Bobby Bare Jr.: Neo‑rocker/Songsmith Uses EV Mics on the Road

June 8, 2006

Bio capsule on Bobby Bare Jr.
“With a world‑weary voice and a dark sense of humor, Bobby Bare, Jr. expresses a cynicism felt by many of his Generation X peers. Scratch the surface of this cynic and you’ll find a romantic.”
The year was 1974 and Bobby Bare Jr. was 5 years old when he was nominated for a Grammy award. He had dueted with his dad on the song “Daddy, What If“ (written by family friend and mentor Shel Silverstein) on the senior Bare’s album Lullabys, Legends and Lies. The Grammy in question was for “Best Country and Western Performance Vocal - Duo or Group.“ Weirdly, the Pointer Sisters won the prize for “Fairytale.“

Although Bobby Bare Jr. grew up immersed in the Nashville songwriting tradition and surrounded by legends in the field, he’s never been one to take this musical legacy for granted. Instead of merrily traipsing along the well-cut path defined by the musicians he came up around, with his band Bare Jr he put out two albums full of angst-filled, hook-laden, poison-pen rawk. But after being on a major label for several years (and experiencing the good, the bad and the ugly that are inherently part of that world), Bobby stopped to seriously question whether his musical career was heading in a fulfilling direction. In the midst of all the craziness around him, he decided that success to him was to be found somewhere else. While he may have initially described Young Criminals’ Starvation League as a side-project, Bobby was making a conscious decision to return to the basics. He found a record label that was extraordinarily passionate about his music and surrounded himself with incredibly talented musicians who grasped his songwriting and sonic vision. No more tour buses, no more four-star hotels, no more ridiculous advances. Criss-crossing the land in a minivan, Bobby has spent the last two years reinventing his career and building something he really believes in and has total control over from the ground up. And now, with two Bloodshot records under his belt, well over 300 shows in the US and Europe and a rapidly growing fan base, Bobby is poised to reach new heights. From the End of Your Leash is surely the catalyst he has been waiting for.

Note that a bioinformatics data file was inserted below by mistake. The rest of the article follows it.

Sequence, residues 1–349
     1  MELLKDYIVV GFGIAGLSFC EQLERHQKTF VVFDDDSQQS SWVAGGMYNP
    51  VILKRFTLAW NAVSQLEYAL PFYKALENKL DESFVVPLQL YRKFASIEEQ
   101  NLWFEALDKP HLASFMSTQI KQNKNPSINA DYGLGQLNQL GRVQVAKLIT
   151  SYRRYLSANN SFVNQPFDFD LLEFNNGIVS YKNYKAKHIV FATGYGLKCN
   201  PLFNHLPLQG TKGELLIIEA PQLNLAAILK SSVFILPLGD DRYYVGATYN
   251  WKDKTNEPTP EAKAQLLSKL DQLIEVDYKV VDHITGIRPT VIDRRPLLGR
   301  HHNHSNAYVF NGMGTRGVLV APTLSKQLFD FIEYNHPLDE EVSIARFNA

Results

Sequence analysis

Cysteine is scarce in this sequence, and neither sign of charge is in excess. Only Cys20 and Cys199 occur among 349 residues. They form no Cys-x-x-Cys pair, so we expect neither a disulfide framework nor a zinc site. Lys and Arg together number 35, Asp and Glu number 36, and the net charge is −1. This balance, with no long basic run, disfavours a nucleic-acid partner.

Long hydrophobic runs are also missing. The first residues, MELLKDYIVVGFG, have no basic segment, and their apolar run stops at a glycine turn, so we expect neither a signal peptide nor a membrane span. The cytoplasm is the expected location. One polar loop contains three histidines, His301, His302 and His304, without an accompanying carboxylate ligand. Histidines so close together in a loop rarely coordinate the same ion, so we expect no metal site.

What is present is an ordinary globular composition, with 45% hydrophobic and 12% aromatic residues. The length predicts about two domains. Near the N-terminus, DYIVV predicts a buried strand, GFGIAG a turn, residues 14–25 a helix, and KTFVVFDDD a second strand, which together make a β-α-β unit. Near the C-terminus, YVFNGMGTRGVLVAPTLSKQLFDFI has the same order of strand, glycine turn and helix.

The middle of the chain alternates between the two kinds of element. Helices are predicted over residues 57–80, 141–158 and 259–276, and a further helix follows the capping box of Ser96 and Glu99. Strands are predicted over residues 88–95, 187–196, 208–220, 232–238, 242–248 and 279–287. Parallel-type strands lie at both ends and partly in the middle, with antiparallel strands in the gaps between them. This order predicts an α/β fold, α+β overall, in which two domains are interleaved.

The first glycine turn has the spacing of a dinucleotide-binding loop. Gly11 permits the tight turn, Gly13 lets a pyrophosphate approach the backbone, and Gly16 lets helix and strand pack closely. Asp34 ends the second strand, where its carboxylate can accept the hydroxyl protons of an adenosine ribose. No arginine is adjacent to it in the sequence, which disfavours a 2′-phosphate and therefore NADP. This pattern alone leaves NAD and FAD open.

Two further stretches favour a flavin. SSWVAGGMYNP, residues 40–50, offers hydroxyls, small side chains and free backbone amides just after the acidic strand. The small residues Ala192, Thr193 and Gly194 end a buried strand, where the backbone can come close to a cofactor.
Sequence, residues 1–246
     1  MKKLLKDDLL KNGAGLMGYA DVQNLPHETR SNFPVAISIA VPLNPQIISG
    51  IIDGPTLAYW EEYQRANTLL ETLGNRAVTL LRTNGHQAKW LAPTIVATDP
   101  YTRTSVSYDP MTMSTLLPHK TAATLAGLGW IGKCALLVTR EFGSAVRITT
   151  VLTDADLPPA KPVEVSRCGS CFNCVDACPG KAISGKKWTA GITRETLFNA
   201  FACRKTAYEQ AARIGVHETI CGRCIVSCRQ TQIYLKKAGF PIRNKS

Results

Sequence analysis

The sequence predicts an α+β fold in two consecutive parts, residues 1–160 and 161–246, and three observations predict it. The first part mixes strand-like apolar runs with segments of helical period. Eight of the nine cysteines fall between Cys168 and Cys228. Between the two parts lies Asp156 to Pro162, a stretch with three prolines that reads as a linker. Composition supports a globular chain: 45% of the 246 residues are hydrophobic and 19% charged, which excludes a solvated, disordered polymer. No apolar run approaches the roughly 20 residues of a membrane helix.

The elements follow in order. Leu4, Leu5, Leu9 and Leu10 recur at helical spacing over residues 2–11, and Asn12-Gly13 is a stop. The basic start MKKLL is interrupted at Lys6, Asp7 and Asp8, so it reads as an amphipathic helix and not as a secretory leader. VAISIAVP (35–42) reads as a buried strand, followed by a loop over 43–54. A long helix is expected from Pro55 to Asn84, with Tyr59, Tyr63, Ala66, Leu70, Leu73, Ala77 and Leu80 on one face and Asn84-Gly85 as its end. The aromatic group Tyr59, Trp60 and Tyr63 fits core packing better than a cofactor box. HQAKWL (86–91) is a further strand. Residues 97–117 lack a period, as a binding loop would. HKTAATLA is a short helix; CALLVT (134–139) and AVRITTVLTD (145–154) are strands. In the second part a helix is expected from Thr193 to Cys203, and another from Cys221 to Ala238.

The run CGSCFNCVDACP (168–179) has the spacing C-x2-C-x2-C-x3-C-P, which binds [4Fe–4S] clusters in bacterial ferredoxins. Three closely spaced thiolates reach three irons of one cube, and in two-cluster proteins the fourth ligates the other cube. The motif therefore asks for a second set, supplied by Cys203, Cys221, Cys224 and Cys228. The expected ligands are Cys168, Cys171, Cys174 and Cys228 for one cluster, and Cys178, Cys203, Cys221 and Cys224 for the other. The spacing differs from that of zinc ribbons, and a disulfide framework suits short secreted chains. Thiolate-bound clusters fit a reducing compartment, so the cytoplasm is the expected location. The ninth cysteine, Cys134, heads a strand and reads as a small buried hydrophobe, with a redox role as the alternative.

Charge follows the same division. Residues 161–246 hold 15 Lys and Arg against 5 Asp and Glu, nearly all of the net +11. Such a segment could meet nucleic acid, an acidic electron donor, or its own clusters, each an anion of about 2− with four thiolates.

People talk ... Some snippets about BBJ: “With a world-weary voice and a dark sense of humor, Bobby Bare, Jr. expresses a cynicism felt by many of his Generation X peers. Scratch the surface of this cynic and you’ll find a romantic.“ All Things Considered, NPR “... it’s his clever sense of melody and humor that make this new material so winning (imagine David Lowery fronting Belle and Sebastian). Time Out New York

“On this immensely likeable album, Bare gives us his own unique twist on the alt-country genre. Combining dry humor with heart-rending character sketches, pretty, gentle melodies, his own drawled vocals, a couple of shrewdly-chosen covers, and a little bit of soul, this album proves Bare is ready to establish a promising solo career for himself.“

“Bobby Bare Jr. doesn’t just bend genres on his first non-Bare Jr. record, he ties “em in knots. A quirky, entirely non-commercial singer-songwriter record on the surface, Young Criminals has more layers than a ball of used Saran Wrap scraps and more subtleties than a Salman Rushdie novel. Sorta like a Shel Silverstein song.“

To view one of Bobby’s latest videos, please visit:

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